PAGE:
Language skills include the number of words your child can understand and use, and their ability to put these words together into sentences.

When to seek help

Children develop language at very different rates. Some children are later to start using words or sentences than other children of the same age. We know that the majority of these children will catch up with their friends by the time they get to school, this is known as a language delay. A small proportion will continue to have difficulties learning language and will benefit from support for this through their school years, we would describe these children as having a language disorder  or developmental language disorder. As a guide you should seek help for your child if he/she is not:

  • Using at least 15 words by 18 months of age
  • Using least 50 words by 2 years of age 
  • Joining words into short phrases (e.g. "more milk", "mummy gone") by 2 years of age
  • Understanding simple instructions like "go get your coat", by 2 years of age
  • Understanding instructions such as "where's mummy's nose?", "make teddy jump" by 3 years of age
  • Using 4-5 word sentences (e.g. "Me want big ball") by 3 years of age
  • Using longer sentences and linking sentences together (e.g. I painted a picture and then gave it to mummy) by 4 years
  • Understanding and using position, colour, time and number words (e.g. under, blue, tomorrow, three) by 4 years of age
  • Understanding and using a range of question words (what, where, who, why) by 4 years of age

More details on language development and tips to help can be found in the communication trusts small talk leaflet which can be downloaded here and there is a progress checker available here


  • A full assessment of language skills to identify strengths, needs and the most appropriate targets for therapy. 
  • The type of therapy I offer is dependent on your child's needs  and what works best for your family. Types of therapy include:

    • Structured play sessions and video analysis to equip parents with skills and strategies to support children's language skills through play.  We work together, using your skills and knowledge of your child, building in, or increasing, techniques that we know help language development

    • Direct language therapy. This involves building specific language targets ( e.g. to use action words in two word phrases) into games and activities  which I demonstrate and then the parent carries out as homework throughout the week.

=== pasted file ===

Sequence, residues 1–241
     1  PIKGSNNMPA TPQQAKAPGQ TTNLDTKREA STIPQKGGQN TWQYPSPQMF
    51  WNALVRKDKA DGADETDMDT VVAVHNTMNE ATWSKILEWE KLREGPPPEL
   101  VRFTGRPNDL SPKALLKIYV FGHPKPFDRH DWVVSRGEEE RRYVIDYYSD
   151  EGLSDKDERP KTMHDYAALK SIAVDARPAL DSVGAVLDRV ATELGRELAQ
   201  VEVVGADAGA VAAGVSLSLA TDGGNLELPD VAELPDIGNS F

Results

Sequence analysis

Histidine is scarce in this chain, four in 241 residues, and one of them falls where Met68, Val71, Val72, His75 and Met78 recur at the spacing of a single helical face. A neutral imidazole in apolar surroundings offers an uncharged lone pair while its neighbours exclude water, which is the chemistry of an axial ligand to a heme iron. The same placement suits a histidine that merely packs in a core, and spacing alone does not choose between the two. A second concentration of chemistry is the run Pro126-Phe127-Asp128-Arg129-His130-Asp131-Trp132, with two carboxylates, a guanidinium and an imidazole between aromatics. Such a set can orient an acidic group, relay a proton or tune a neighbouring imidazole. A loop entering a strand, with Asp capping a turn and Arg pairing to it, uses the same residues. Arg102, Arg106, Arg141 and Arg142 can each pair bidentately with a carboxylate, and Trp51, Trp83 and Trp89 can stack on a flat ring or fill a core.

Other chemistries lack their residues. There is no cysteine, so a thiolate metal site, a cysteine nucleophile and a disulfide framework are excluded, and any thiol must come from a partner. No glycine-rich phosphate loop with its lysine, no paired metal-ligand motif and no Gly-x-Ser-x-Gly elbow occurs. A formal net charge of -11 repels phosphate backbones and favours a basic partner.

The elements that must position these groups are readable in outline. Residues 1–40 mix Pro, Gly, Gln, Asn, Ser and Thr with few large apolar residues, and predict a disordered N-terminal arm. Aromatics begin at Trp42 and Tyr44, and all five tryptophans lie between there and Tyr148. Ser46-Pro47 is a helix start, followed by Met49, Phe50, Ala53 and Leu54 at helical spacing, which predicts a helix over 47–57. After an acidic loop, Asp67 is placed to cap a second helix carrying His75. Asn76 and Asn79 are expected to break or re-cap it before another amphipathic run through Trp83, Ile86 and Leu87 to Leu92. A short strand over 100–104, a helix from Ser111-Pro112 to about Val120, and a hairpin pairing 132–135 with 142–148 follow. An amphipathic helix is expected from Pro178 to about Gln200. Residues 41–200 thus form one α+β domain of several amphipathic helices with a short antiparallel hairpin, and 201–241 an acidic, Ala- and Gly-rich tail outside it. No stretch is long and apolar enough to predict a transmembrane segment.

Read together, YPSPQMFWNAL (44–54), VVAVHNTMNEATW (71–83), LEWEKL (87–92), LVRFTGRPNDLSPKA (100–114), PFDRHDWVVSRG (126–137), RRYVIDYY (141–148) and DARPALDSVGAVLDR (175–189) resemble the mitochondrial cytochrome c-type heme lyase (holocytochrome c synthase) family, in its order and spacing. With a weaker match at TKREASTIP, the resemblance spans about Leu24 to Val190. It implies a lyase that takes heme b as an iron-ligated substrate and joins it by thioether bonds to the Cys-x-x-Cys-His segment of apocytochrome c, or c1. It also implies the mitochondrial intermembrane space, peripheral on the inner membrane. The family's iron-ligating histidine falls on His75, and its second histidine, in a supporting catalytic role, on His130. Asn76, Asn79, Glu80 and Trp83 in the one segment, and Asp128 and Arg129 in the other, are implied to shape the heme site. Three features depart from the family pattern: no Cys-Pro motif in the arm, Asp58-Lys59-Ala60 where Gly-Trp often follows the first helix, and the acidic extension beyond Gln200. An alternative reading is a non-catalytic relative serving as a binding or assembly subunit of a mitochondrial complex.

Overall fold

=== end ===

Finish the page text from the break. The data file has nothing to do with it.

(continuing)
• Initially  I would suggest booking a block of 6  sessions. In the first session we will jointly agree targets to work towards during these sessions. 
  • Home practice is vital for progress and each week you will get a personalised homework sheet to fill in - I use the child's interest to provide added motivation and it gives you a record of what you need to do. 
  •  I liaise with your child's preschool, with your consent, and provide them a pack with targets and activities to support progress towards the targets.
  • Following the initial block of therapy there will usually be a short break for the child to consolidate the gains they have made followed by a review session at which we assess progress and decide upon next steps.
  • Once an initial block has been completed it may be appropriate to offer further direct therapy blocks or to offer less frequent sessions with targets identified to be practiced at home and nursery. 
  • I see children with both language delay and language disorders. Where social communication skills including eye-contact, awareness of others and repetitive behaviours are the key concern or where the language difficulties are part of wider difficulties such as global developmental delay other independent therapists would be more appropriate

What you can do to help

My  top tips are: 

  • Give your child plenty of time to talk - It sounds easy but most of us adults aren't to fond of silence 
  • Use sentences which are just slightly longer than your child's when talking with them - If they are not using words then use single words ("car"). If they are using single words use short phrases ("big cat") etc. This will make it easier for your child to understand and copy you. 
  • Create opportunities for your child to use language:
    • Offer choices e.g. banana or yogurt
    • Give your child one go at something e.g. bubbles then stop and wait for them to indicate they want more
    • Leave gaps in familiar stories or songs and wait for them to fill them in
    • Do something silly and wait for them to tell you how to do it right
  • Use more comments (e.g. "look a bus") than questions (e.g. "what's that?"). 
  • Repeat and extend your child's sentences e.g. if they say "juice" and hand you their empty beaker you would say "more juice"
  • Do not blame yourself that your child is late to talk - even if you had talked more, talked less, read more, spent more time with them, worked less, put them in nursery, taken them out of nursery etc, etc, etc they would still have had delayed language. It is not your fault! but there are lot of things you can do to help. 

More detailed suggestions can be found at: